A former Bradenton Beach city commissioner has formed a political committee with the goal to get petition signatures needed to recall embattled Mayor Bill Shearon from office.
The documents arrived Dec. 12 to the city clerk’s office, naming Pete Barreda, who served as commissioner from November 2003 to May 2004, as chair of the Committee to Recall William Shearon.
Shearon already was facing an effort by Vice Mayor Jack Clarke to force him from office. Now he may be facing a recall election as well.
“Bring it on,” the mayor said in defiance of the recall effort.
On Dec. 15, Barreda said, “Instead of all of the fighting and things that are going on, I think the easiest way to handle this is just to let the citizens decide one way or the other and then let our city move on with some normalcy and the way that we’d like to see our city operate. It’s as simple as that.”
Political action committees are well-known in politics, typically formed to mail literature to voters in support of causes.
A recall election is “a no-brainer,” Shearon said Dec. 8, adding that it would allow everyone to “see if they have the numbers to do it. Let the voters determine it.”
According to state law, to force a recall election petitions must first be signed by at least 100 electors or by 10 percent of the total number of registered electors as of the preceding municipal election, whichever is greater.
One hundred signatures is the committee’s target because there were 763 eligible voters in Bradenton Beach for the Nov. 4, 2014, election, according to a spokesperson for the office of Supervisor of Elections Michael Bennett.
Neither his office nor that of the Bradenton Beach city clerk received any recall petitions as of Dec. 12.
Shearon has struggled to fix some of the many problems he found in city government when he took office about 13 months ago. But since the forfeiture process began he repeatedly has said voters put him in office and voters, not commissioners, should have the final say on his tenure as mayor.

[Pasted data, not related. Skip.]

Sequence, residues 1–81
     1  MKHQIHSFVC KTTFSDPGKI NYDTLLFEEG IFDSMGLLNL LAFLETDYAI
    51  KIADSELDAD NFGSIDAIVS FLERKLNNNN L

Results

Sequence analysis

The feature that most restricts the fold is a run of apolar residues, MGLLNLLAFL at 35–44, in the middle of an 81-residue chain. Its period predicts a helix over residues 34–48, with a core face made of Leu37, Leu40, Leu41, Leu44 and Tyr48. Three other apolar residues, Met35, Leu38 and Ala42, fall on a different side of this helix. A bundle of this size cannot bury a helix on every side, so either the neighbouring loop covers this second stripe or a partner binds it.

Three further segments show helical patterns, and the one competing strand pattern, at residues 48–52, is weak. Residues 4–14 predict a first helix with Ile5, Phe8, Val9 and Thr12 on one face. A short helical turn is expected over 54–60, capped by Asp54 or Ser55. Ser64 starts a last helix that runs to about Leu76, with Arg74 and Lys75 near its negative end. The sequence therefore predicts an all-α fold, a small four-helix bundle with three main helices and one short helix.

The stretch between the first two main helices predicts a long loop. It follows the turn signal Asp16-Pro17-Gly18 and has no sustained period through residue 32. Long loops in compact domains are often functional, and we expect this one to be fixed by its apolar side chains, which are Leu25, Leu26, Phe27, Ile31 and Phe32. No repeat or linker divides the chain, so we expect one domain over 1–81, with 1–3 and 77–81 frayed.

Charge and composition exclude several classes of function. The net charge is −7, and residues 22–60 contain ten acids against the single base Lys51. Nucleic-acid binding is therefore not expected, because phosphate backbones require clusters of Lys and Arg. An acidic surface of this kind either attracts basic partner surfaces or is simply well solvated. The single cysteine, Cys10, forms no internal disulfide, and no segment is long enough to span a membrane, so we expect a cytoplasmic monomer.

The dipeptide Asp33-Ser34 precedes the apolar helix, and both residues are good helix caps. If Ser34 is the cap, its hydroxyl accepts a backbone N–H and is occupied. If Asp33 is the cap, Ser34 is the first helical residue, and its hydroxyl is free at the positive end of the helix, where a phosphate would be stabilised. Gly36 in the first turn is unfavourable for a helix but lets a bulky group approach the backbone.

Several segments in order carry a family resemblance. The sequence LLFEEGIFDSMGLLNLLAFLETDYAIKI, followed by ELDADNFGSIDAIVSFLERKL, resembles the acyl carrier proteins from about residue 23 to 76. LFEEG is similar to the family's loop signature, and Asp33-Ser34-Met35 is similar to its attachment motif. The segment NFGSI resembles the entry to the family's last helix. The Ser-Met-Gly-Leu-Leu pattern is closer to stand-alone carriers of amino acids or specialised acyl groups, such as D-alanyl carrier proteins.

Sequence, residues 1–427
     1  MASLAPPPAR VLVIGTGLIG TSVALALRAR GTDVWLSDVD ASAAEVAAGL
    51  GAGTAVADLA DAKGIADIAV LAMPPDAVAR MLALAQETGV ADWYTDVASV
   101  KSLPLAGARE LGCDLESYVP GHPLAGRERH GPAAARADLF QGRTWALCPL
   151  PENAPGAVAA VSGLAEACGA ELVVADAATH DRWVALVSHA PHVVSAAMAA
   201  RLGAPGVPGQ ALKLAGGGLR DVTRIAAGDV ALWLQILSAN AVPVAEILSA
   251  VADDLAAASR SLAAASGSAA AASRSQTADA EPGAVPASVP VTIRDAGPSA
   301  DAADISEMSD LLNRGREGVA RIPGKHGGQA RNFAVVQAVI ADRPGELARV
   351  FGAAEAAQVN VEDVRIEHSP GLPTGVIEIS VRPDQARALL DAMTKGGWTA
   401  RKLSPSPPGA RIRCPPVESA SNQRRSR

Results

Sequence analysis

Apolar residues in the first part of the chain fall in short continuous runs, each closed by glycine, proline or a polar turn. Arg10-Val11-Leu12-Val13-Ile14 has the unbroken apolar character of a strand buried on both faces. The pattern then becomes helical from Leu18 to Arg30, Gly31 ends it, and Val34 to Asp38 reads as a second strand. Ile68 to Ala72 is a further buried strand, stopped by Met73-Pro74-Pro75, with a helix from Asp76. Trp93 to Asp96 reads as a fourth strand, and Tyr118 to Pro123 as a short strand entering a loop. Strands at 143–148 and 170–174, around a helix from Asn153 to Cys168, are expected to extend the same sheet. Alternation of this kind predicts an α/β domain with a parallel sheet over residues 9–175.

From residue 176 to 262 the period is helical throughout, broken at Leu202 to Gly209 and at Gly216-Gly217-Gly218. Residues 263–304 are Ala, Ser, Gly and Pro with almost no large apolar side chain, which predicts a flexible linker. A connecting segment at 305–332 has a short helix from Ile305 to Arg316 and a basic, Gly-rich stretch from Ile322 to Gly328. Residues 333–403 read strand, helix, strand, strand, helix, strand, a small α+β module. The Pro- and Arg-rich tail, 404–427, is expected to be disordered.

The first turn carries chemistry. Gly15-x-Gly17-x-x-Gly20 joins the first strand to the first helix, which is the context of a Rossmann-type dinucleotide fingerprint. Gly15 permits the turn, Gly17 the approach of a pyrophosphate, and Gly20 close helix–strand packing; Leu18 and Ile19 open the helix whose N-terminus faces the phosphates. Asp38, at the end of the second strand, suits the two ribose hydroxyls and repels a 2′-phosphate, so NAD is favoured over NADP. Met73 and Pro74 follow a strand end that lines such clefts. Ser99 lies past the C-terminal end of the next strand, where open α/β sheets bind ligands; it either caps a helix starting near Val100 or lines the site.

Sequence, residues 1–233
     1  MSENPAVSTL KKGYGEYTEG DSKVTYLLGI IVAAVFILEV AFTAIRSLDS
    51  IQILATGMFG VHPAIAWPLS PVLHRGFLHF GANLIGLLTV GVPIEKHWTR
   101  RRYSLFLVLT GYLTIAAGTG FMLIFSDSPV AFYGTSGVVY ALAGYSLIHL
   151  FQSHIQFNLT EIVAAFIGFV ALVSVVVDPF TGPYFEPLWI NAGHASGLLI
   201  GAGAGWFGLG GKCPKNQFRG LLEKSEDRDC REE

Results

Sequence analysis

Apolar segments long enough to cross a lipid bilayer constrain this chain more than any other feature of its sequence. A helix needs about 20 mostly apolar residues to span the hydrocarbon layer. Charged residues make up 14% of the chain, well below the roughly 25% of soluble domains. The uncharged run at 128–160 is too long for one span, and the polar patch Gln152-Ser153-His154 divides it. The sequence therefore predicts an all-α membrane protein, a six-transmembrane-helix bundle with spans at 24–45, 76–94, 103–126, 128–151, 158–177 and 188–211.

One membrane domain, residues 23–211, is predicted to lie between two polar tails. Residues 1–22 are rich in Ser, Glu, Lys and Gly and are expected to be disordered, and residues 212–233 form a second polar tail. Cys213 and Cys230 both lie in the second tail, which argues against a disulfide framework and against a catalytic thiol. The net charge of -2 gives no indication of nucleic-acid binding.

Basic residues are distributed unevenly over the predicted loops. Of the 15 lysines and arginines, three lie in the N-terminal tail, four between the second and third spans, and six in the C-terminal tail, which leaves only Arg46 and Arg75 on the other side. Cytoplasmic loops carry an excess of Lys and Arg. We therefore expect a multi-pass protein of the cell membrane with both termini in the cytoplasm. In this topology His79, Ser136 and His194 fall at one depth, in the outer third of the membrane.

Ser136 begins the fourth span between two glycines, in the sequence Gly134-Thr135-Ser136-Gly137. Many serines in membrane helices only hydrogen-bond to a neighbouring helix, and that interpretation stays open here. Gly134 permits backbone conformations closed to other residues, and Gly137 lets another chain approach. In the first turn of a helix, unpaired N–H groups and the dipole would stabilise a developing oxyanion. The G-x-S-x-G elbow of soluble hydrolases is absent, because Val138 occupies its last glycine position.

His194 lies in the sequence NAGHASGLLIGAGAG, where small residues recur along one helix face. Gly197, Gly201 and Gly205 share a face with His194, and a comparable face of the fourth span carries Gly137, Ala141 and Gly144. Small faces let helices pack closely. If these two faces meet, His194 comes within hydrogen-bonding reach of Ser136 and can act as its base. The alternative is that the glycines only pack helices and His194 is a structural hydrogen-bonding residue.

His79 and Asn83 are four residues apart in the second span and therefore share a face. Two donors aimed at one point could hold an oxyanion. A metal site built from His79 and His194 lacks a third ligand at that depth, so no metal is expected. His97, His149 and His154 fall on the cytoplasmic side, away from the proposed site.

The drama surrounding the mayor and his detractors has seen more twists and turns than the roundabout on Gulf Drive. Shearon sued the city to stop commissioners from proceeding with the forfeiture process. His case is pending in the circuit court.
Meanwhile, after a Dec. 2 special meeting ended with no resolution, Clarke is expected to resume forfeiture proceedings against Shearon in January, when commissioners hire an attorney.
And now Barreda, a former elected official, also wants to oust Shearon.
Contacted Dec. 8, Commissioner Jan Vosburgh said she heard about the recall petition “but I have no details at all. I heard about that other times, too, and nothing happened. I’m not going to hold my breath.”
Clarke also said he has no knowledge of the recall effort. Like Shearon, he finds an election more suitable than forfeiture.
Removal of an elected official from office in Florida, via recall election, is rare. The removal of Anna Maria Commissioner Harry Stoltzfus in 2010 was the first-ever successful recall election in Manatee County and the first in the state since the 1970s, according to Bennett’s office.
According to state law, legitimate grounds for recall of elected officials include malfeasance, misfeasance, neglect of duty, drunkenness, incompetence, permanent inability to perform official duties and conviction of a felony involving moral turpitude.